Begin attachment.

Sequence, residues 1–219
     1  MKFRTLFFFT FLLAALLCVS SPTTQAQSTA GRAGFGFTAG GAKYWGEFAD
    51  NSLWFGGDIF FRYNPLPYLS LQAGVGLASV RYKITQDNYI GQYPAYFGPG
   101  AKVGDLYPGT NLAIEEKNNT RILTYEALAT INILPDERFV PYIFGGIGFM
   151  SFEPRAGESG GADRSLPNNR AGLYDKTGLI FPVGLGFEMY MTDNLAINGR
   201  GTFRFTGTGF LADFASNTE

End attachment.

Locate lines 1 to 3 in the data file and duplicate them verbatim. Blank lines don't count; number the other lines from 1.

Sequence, residues 1–219
     1  MKFRTLFFFT FLLAALLCVS SPTTQAQSTA GRAGFGFTAG GAKYWGEFAD
    51  NSLWFGGDIF FRYNPLPYLS LQAGVGLASV RYKITQDNYI GQYPAYFGPG